Men are staying healthier and living longer now than in decades past. This gain in life expectancy can be credited in part to better nutrition, improved public health and sanitation, and the advent of vaccines and antibiotics. But medical science has also made great strides in understanding and treating debilitating, chronic conditions such as heart disease and stroke. The stereotype of frailty in old age no longer applies as men take control of their own health by becoming better informed about health issues and their personal health risks. Men today are also making better lifestyle choices—eating more healthfully, not smoking, and exercising regularly. Such healthy lifestyle choices have been shown to help prevent the development of heart disease and some cancers—the top two causes of death in the United States. These good health habits, along with regular medical checkups, can greatly increase your chances of living longer and healthier.
Another way to reduce your risk of illness and early death is to avoid risky behaviors that could jeopardize your health. Males experience four out of five of all injuries from accidents involving motor vehicles or firearms, drownings, and fires. A large proportion of such accidents are caused by excessive alcohol consumption. Younger men are especially likely to die accidentally. You can reduce your risk of accidental injury by taking some simple and commonsense measures to protect yourself. For example, always wear a seat belt when you drive and a helmet when riding a bicycle or a motorcycle. Never drink alcohol and drive.
Drinking alcohol excessively carries many other health risks. It can lead to alcohol abuse and dependence, liver disease, and heart failure. If you choose to drink alcohol, do so only in moderation (two drinks a day or less). A typical drink is 5 ounces of wine, 1 ^ ounces of 80-proof distilled spirits, 12 ounces of wine cooler, or 12 ounces of beer (see page 24). Use of other recreational drugs also can cause dependence and impair your judgment and reflexes. Smoking cigarettes can have significant adverse effects on your health. Quitting smoking may be the best thing you can do to improve your overall health because, even if you eat right and exercise, the unhealthful effects of smoking will shorten your life. Practicing unsafe sex is another risky behavior that can have serious— sometimes fatal—health consequences.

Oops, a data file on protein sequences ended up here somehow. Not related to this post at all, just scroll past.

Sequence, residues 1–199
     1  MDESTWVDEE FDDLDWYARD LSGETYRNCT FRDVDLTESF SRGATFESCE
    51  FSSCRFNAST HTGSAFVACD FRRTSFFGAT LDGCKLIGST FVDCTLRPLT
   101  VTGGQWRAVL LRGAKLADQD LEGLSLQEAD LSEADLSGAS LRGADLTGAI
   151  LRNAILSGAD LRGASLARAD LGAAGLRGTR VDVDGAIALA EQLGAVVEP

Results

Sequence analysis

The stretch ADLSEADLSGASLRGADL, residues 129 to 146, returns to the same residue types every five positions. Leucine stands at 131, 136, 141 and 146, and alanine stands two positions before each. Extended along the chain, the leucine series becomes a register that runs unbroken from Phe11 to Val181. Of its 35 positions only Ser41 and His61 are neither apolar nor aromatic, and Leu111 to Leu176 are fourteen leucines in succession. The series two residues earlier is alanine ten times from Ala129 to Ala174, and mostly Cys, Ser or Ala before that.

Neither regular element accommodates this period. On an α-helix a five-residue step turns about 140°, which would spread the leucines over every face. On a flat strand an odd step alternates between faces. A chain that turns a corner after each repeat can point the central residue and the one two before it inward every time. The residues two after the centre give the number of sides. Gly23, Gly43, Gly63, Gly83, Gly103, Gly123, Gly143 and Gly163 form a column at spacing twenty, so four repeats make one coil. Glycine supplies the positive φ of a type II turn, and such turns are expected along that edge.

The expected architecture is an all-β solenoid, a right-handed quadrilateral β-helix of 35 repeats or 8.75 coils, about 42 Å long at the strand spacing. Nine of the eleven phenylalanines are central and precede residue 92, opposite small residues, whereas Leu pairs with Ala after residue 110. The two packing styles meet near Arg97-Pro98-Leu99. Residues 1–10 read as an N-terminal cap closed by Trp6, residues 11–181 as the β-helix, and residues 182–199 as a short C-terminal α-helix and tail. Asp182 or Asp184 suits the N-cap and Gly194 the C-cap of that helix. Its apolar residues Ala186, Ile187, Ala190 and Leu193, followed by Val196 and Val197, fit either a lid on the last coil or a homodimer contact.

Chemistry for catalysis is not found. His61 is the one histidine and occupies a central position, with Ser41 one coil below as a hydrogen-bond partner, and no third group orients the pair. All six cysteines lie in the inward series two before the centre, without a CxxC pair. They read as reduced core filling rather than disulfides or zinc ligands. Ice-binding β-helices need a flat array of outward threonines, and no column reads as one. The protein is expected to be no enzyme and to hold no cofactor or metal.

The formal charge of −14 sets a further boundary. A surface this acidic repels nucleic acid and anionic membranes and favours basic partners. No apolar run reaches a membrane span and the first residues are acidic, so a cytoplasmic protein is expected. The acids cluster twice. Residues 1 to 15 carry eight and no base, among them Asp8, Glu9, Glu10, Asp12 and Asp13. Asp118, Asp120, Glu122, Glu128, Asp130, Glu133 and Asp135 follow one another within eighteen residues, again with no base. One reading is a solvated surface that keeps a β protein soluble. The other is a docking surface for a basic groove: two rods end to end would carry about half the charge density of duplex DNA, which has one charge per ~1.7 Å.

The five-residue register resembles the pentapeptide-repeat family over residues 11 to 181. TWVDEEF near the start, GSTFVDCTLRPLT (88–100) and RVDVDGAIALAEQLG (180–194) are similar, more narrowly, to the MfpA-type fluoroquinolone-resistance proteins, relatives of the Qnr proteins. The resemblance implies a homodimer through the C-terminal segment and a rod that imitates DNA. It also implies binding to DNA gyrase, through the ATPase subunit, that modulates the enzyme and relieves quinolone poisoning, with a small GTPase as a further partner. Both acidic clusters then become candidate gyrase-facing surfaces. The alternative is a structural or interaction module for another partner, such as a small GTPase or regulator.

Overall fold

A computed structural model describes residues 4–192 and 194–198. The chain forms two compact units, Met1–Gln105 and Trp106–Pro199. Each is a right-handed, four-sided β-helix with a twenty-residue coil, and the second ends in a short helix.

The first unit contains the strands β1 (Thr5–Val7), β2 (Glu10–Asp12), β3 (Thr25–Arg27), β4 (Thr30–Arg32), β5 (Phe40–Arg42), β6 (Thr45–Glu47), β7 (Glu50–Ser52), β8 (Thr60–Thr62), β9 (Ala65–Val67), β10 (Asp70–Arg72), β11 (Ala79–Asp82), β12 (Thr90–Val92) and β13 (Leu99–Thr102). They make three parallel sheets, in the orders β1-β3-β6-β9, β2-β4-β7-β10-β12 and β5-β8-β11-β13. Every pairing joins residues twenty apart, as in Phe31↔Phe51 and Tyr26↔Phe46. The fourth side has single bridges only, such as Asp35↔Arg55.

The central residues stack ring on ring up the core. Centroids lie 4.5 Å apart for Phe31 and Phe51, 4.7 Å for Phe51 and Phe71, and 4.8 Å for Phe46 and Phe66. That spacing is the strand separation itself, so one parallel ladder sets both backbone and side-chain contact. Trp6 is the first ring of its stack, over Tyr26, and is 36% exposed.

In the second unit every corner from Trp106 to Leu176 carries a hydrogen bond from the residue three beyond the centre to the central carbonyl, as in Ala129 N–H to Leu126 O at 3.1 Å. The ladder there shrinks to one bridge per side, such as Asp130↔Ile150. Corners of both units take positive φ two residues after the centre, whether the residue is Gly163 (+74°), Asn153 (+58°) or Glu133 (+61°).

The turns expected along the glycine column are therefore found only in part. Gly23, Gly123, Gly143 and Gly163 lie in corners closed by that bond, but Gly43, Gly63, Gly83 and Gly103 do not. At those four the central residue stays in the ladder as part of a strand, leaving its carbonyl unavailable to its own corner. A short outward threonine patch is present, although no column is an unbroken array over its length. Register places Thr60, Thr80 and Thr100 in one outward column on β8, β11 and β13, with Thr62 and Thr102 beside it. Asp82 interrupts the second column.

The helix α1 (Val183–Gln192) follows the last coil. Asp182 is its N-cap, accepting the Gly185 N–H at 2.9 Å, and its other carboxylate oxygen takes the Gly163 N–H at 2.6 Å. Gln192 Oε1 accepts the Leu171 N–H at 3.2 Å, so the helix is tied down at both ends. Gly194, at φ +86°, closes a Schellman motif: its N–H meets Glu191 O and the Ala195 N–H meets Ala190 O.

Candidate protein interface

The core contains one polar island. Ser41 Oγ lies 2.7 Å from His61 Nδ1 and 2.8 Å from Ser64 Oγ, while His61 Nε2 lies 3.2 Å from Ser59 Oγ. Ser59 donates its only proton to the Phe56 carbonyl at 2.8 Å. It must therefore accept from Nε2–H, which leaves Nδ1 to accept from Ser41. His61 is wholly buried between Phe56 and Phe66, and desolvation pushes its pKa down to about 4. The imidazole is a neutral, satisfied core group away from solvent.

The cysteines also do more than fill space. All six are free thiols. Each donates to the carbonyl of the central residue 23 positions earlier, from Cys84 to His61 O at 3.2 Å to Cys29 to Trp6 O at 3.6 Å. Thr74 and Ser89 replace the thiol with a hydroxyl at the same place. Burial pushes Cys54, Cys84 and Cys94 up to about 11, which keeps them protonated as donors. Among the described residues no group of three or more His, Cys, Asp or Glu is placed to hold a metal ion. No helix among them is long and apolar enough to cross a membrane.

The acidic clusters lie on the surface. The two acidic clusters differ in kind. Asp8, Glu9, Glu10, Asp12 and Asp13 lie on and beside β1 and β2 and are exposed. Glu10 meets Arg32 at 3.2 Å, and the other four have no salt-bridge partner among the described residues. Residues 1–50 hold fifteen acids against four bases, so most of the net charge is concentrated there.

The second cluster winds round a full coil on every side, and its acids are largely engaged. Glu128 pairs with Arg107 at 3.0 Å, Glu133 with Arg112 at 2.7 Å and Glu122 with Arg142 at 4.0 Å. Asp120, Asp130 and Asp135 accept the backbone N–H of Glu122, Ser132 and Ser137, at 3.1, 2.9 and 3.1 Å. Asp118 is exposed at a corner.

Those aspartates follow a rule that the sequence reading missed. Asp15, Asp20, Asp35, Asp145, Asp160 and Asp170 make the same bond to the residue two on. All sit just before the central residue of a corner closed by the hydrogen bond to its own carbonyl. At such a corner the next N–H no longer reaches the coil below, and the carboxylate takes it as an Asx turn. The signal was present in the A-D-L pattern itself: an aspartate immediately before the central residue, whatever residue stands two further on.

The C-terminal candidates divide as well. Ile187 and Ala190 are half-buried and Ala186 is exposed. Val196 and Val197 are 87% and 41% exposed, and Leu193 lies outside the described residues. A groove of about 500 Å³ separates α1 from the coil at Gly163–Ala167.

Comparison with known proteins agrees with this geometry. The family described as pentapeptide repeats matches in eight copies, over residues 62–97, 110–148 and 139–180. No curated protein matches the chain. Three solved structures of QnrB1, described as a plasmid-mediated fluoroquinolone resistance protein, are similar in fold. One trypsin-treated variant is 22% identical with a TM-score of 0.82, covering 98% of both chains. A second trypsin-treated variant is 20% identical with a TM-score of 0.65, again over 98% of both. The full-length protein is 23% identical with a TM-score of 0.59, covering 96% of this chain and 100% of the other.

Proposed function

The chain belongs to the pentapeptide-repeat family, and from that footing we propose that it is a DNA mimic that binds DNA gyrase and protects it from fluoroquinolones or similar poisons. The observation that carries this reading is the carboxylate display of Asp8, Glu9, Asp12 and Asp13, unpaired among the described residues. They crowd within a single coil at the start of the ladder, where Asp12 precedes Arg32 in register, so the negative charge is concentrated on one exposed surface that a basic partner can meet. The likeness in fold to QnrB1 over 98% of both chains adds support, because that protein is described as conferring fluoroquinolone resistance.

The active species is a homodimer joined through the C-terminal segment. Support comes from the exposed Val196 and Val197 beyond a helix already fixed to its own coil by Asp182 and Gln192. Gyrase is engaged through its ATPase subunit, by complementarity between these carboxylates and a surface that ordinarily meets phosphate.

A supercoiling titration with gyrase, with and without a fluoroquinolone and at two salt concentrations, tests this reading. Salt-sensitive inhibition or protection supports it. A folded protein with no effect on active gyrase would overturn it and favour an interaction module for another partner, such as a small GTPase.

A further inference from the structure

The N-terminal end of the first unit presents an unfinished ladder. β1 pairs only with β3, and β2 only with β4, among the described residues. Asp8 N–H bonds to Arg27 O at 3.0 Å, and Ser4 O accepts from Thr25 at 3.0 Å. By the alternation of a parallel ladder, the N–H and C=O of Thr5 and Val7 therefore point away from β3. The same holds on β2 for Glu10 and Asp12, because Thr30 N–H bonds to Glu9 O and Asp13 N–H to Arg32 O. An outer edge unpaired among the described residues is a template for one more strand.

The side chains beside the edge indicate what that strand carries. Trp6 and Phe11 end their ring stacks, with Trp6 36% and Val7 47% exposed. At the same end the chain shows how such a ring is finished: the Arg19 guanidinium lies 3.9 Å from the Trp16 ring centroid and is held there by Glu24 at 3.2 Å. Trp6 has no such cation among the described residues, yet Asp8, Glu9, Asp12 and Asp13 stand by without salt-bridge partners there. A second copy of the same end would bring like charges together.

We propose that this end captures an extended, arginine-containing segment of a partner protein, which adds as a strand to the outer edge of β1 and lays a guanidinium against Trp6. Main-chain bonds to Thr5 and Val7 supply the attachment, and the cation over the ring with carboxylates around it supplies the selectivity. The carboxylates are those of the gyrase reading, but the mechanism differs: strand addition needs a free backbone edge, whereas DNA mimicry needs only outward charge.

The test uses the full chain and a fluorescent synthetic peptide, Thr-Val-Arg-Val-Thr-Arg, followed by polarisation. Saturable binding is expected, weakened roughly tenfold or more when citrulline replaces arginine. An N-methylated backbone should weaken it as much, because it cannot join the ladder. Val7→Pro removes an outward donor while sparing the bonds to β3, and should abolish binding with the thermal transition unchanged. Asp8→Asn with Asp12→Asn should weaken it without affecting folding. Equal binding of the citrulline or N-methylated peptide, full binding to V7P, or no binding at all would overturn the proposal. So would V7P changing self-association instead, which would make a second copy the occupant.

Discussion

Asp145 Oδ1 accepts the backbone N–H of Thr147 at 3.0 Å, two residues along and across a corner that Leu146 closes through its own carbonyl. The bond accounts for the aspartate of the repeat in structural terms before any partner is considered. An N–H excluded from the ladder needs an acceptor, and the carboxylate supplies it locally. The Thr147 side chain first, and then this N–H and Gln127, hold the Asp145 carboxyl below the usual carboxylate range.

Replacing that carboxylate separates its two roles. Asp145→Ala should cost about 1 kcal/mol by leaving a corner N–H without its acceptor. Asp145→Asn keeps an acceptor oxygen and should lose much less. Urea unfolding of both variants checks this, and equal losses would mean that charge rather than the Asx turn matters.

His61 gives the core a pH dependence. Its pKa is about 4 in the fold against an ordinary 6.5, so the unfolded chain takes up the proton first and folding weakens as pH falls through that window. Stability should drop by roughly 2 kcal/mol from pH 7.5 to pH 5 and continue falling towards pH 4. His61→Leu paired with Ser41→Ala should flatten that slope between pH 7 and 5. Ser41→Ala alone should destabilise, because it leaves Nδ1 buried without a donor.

Doctors know that early detection of disease often leads to more effective treatment. That's why it's important to see your doctor for checkups regularly. During the checkup, your doctor can order the appropriate medical tests to detect any health problems you might have, based on your family health history and other personal risk factors. Seeing your doctor regularly also can help you 3
develop an effective patient-doctor relationship so you can become an active, informed consumer and take control of your health and medical care. Note that it is your responsibility to provide your doctor with specific information about your health, such as details about symptoms, so that he or she can perform needed tests, make an accurate diagnosis, and provide effective treatment.
Use this section of the book to find out how to stay healthy longer by adopting good health habits. The best disease-preventing measures include consuming a healthy diet, exercising regularly, maintaining an appropriate weight for your height, drinking alcohol only in moderation, not using tobacco, becoming more safety-conscious in your daily life, and seeing your doctor for periodic checkups. These measures may sound daunting at first, but they are effective ways to help you stay healthy.
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